In what ways did it change?

As in my behavior towards work and life. And I don’t think it changed simply because of my aging. Because, I sometimes reminisce about the trip to Portugal with my friends who joined me there and we’d end up agreeing how the trip changed our perspectives of life. It might sound funny but these days I wonder about the ways to live a coasting life.


What are your recent interests?

I’ve always had interests for products but it rarely leads me to purchase. I already own everything I need so I don’t see a reason for adding more. I used to reach for my wallet whenever I saw something nice but I guess I’ve learned that living on your own doesn’t require many things.


Looking at your households, there aren’t much color to your place.

I didn’t purposely intend black and white but come to think of it, the only color I find is Fritz Hansen’s Seven chair. I actually wanted a different one but the store ran out of stock and instead lent me the Seven chair as a replacement until the other one was restocked, but I ended up buying this for a good deal. It was hard to sell anyway because it had a small flaw. And I don’t think this will easily break or anything so I’ll probably be using it for the rest of my life.


Is there a reason you chose this chair?

There are a great number of chairs with beautiful and sophisticated designs but for some reason they are a little bit disturbing. I tend to avoid things that make me think or picture a meaning and this chair hasn’t invaded my head with thoughts and ideas not even once, not yet.


You share your workplace with your home and does this ever bother your work?

I got rid of my old studio and merged it with my house in April 2015 and luckily the house is a two-story flat which gives a clear separation of space so it’s less distractive. And I pretty much concentrate well over my work. My friends actually make much better use of my house as they think of it as some sort of a hideout. Many like to come over to chill and some of the really close ones, whom I share the codes for the doorlock, would just raid in and stay for a while when I’m away on a business trip.


When did you establish Frame Builders?

Back in 2008, there was a group exhibition held at the Insa Art Space called <The Conditions for Choice, Frame Builders>, showing works by Sulki & Min, Jeonghwa Choi, M/M Paris, Skart, Vuk Cosic etc. I was greatly moved by the exhibit so I chased after the artist workshops. And I adopted the title of the show for  my studio. I actually majored craft but the show drew a tremendous effect on me and apparently I ended up becoming a graphic designer.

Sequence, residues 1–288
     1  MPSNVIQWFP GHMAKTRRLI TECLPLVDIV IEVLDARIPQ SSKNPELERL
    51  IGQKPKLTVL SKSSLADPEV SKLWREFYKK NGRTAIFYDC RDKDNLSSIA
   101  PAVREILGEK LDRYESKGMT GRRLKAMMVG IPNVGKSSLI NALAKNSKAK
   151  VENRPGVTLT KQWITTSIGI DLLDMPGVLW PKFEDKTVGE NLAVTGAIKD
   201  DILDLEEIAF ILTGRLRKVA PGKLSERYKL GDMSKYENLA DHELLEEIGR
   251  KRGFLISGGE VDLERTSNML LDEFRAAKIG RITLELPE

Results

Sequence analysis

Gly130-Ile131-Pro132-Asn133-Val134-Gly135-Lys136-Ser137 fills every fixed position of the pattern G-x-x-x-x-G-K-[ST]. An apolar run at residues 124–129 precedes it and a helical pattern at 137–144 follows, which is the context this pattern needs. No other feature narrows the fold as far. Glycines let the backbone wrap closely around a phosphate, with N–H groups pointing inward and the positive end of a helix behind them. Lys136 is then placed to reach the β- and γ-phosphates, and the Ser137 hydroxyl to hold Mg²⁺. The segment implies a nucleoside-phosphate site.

It seems Frame Builders perform mostly on art and music.

I didn’t reach out to works related to arts or music, like the posters for Daelim Art Museum or album covers for IU, myself but it naturally extended to those criteria as I started to make social relationships with people through work. A project almost automatically leads to another and I guess this is possible because I have a good sense of communicating with my clients, given the many years of practice in this particular field. I have a certain boldness inside me which I’ve always had from the beginning. I’m the kind of person who’d say yes even to the things that are totally new and inexperienced. Instead of turning my back, I like to face them and challenge myself, and I think I’m doing pretty okay with what I do. Considering that I make a fair living out of design.


In regards to your job that targets the mass, I can imagine you’d be proud of yourself in terms of creating part of Seoul’s culture.

To be honest, I’m not proud of my work. There’s this unsolved matter about the desire to discover my own method so that I can continue my practice for a long time. In the works that are spread out as posters and album covers do carry parts of my own ideas but the majority of the time is about solving problems. And my wish and goal is to gradually change that.




5F, 31 Euljiro 11-gil, Jung-gu, Seoul
3 Euljiro 3-ga
18:00-02:00(Mon-Thu), 18:00-03:00(Fri), 14:00-03:00(Sat), 14:00-10:00(Sun)

“Among my latest favorite town Euljiro, the most preferred spot is Seendosi.”


Whenever a crave for a drink arouses, Jang heads to Euljiro and straight to Seendosi—his latest favorite. Run by photographer Yoonho Lee and artist Byeongjae Lee, Seendosi is an indescribable, all-round space for a multi-purpose use. It’s a pub, an exhibit space and a platform for operating a membership system, which the members are offered to use the space as a studio during daytime. Its unique utilization of space and mysterious interior is fresh and  shocking, just like its name(‘Seendosi’ meaning ‘new town’ in Korean). A lot of fun and exciting events happen every now and then and for those of you who are interested, we recommend that you follow up their feeds on instagram(@seendosi).